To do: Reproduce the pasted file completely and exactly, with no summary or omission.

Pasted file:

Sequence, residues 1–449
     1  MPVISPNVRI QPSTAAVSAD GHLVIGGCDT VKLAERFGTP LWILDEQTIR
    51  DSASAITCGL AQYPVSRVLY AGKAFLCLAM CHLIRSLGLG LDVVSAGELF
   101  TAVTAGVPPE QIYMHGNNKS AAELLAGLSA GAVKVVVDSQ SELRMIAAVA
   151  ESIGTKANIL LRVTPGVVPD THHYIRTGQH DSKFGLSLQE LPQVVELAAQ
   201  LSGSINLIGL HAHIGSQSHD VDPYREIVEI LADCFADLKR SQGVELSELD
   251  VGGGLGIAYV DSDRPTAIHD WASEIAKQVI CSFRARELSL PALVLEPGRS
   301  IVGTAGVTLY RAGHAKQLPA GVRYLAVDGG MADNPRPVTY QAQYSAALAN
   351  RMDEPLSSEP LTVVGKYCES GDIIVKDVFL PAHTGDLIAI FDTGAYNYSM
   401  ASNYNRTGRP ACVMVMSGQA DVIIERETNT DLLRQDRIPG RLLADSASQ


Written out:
Sequence, residues 1–449
     1  MPVISPNVRI QPSTAAVSAD GHLVIGGCDT VKLAERFGTP LWILDEQTIR
    51  DSASAITCGL AQYPVSRVLY AGKAFLCLAM CHLIRSLGLG LDVVSAGELF
   101  TAVTAGVPPE QIYMHGNNKS AAELLAGLSA GAVKVVVDSQ SELRMIAAVA
   151  ESIGTKANIL LRVTPGVVPD THHYIRTGQH DSKFGLSLQE LPQVVELAAQ
   201  LSGSINLIGL HAHIGSQSHD VDPYREIVEI LADCFADLKR SQGVELSELD
   251  VGGGLGIAYV DSDRPTAIHD WASEIAKQVI CSFRARELSL PALVLEPGRS
   301  IVGTAGVTLY RAGHAKQLPA GVRYLAVDGG MADNPRPVTY QAQYSAALAN
   351  RMDEPLSSEP LTVVGKYCES GDIIVKDVFL PAHTGDLIAI FDTGAYNYSM
   401  ASNYNRTGRP ACVMVMSGQA DVIIERETNT DLLRQDRIPG RLLADSASQ